At a Glance
One of the most numerous and widespread diving ducks in North America, especially on inland waters. Can be very active when feeding, diving and surfacing repeatedly. In winter often seen on lakes and bays in dense flocks, numbering hundreds or even thousands, and often with no other species of ducks associated with them. The two species of scaup sometimes occur in the same places, but they tend to keep to themselves rather than mixing freely.
All bird guide text and rangemaps adapted from Lives of North American Birds by Kenn Kaufman© 1996, used by permission of Houghton Mifflin Harcourt Publishing Company. All rights reserved.
Diving Ducks, Duck-like Birds
Coasts and Shorelines, Freshwater Wetlands, Lakes, Ponds, and Rivers, Saltwater Wetlands, Tundra and Boreal Habitats
Alaska and The North, California, Eastern Canada, Florida, Great Lakes, Mid Atlantic, New England, Northwest, Plains, Rocky Mountains, Southeast, Southwest, Texas, Western Canada
Direct Flight, Rapid Wingbeats
Range & Identification
Migration & Range Maps
Migrates in flocks. Main migration is rather late in fall and early in spring.
15-18" (38-46 cm). Male scaup are black at both ends, whitish in the middle. Females have brown heads with white face patch. Head shape is best mark for separating the two species: Lesser Scaup has peak at back of crown, slightly smaller bill than Greater Scaup. In flight, note shorter white wing stripe of Lesser (reaches halfway out wing). Male Lesser often shows purple gloss on head in good light.
About the size of a Crow, About the size of a Mallard or Herring Gull
Black, Brown, Gray, Purple, White
Rounded, Short, Square-tipped
Songs and Calls
Seldom heard; sharp whistles and guttural scolding notes.
Marsh ponds (summer), lakes, bays, estuaries. Summers around large marshes in prairie or forested regions. Winters on lakes, reservoirs, rivers, sheltered areas of coastal bays. Overlaps extensively with Greater Scaup, especially in winter, but at that season the Lesser is far more likely to be found on freshwater lakes and ponds well inland.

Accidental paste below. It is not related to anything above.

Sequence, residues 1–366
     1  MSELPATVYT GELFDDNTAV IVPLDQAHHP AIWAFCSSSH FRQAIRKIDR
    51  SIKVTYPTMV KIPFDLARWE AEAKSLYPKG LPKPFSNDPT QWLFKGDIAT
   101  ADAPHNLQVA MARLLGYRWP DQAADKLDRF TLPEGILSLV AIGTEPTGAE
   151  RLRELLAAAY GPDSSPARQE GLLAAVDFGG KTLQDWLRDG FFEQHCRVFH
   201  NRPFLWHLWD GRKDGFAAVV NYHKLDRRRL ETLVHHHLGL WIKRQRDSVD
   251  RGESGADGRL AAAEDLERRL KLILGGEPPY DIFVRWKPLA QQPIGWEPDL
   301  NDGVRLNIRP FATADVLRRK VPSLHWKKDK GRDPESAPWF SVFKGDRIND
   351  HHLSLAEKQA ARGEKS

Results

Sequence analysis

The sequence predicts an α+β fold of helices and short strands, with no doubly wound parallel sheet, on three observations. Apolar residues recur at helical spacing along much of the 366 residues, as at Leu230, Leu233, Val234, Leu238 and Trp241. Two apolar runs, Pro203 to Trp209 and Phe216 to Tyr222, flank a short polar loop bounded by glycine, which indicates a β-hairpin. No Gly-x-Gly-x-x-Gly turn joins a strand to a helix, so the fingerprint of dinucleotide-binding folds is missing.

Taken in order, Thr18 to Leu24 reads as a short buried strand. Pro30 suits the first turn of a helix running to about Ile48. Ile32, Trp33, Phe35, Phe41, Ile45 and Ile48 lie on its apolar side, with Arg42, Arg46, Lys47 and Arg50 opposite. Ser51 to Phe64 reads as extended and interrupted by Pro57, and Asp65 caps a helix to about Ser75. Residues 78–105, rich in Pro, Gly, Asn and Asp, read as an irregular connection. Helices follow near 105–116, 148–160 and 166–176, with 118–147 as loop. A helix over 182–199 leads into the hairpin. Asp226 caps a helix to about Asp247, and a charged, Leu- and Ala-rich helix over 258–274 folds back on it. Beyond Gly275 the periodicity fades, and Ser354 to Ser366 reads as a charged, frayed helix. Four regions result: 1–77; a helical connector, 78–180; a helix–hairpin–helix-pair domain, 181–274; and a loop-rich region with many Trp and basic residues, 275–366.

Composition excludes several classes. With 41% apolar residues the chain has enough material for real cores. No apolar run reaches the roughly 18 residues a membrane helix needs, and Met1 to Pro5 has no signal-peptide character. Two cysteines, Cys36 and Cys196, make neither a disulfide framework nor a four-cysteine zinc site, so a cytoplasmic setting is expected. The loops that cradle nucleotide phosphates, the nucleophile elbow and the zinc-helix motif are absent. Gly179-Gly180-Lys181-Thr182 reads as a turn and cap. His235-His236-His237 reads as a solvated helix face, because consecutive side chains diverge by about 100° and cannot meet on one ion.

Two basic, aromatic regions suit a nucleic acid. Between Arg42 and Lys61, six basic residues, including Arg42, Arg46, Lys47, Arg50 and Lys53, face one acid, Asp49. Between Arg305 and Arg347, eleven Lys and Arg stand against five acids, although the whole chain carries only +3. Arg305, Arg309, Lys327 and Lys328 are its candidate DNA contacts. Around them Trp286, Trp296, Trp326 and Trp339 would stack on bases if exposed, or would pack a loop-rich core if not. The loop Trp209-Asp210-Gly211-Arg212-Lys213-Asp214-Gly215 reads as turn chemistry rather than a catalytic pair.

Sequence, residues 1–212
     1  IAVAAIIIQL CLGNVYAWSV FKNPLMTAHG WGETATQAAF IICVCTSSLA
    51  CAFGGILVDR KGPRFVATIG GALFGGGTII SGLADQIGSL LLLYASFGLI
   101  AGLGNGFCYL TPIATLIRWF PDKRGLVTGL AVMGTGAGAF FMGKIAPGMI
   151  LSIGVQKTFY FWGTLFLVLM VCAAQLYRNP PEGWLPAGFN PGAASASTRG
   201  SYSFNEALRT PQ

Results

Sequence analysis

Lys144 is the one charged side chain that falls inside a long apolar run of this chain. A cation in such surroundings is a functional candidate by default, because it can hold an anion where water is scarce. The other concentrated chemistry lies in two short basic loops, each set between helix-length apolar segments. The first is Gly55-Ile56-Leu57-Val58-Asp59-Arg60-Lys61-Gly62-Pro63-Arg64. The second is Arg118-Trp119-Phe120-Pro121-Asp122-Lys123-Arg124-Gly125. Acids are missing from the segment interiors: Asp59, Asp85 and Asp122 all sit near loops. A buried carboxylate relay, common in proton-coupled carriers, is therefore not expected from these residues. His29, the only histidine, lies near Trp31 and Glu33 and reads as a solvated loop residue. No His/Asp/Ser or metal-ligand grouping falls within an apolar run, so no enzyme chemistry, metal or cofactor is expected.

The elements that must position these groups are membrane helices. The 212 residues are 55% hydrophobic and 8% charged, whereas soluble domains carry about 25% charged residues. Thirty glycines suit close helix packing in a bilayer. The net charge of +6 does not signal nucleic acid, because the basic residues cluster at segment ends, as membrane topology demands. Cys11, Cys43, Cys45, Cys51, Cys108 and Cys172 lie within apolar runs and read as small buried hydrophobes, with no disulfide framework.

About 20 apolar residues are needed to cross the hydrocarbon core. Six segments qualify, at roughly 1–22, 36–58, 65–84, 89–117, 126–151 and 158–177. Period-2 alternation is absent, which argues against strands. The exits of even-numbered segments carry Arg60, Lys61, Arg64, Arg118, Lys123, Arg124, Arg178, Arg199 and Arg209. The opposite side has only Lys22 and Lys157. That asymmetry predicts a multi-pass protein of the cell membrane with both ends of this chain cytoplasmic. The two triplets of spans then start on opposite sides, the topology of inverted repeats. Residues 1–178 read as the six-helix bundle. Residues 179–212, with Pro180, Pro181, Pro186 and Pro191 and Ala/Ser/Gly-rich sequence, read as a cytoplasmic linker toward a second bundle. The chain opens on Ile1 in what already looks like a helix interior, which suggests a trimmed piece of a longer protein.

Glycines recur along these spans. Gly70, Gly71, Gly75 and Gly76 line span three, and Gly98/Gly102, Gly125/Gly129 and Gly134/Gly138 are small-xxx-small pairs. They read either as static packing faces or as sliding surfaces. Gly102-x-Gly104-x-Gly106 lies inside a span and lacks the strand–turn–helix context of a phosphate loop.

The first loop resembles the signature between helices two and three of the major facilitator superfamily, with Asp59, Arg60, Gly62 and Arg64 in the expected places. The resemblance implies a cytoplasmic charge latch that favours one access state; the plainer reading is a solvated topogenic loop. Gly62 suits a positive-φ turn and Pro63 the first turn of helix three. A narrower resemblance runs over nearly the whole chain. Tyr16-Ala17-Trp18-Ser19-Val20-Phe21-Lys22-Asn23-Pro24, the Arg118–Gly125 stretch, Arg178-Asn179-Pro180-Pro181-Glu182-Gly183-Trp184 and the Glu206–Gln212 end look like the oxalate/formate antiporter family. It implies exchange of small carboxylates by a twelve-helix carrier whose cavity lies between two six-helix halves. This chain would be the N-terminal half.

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9-11, sometimes 8-14. Olive-buff. Incubation is by female only, 21-27 days.
Leave nest shortly after hatching, go to water. Young are tended by female but feed themselves. 2 or more broods of young may join under care of several adult females. Age at first flight 47-54 days after hatching.
Forages by diving and swimming underwater; sometimes by dabbling or up-ending in shallow water. Sometimes feeds at night.
Includes mollusks, plant material. Diet varies with season and habitat, but animal matter may predominate, especially mollusks such as clams and snails, also aquatic insects, crustaceans. Also eats plant material such as stems and leaves of sea lettuce, pondweeds, wild celery, plus seeds of pondweeds, sedges, grasses, and others. Birds on the Great Lakes may feed heavily on the introduced zebra mussel.
Probably first breeds at age of 2 years in most cases. Elements of courtship display by male include a shake of the head, followed by throwing the head far back and bringing it forward very quickly; exaggerated bowing movements; ritualized preening. Some displays may be performed underwater. Nest site is usually on dry land close to water, often on islands in lakes, surrounded by good cover of vegetation. Stands of bulrush in marshes especially favored. Nest is a slight depression with addition of some dry grass, lined with down.
Although it is still abundant, the total population has declined significantly in recent decades, and the causes are not well understood.
Audubon’s scientists have used 140 million bird observations and sophisticated climate models to project how climate change will affect the range of the Lesser Scaup. Learn even more in our Audubon’s Survival By Degrees project.
Climate Threats Facing the Lesser Scaup
Choose a temperature scenario below to see which threats will affect this species as warming increases. The same climate change-driven threats that put birds at risk will affect other wildlife and people, too.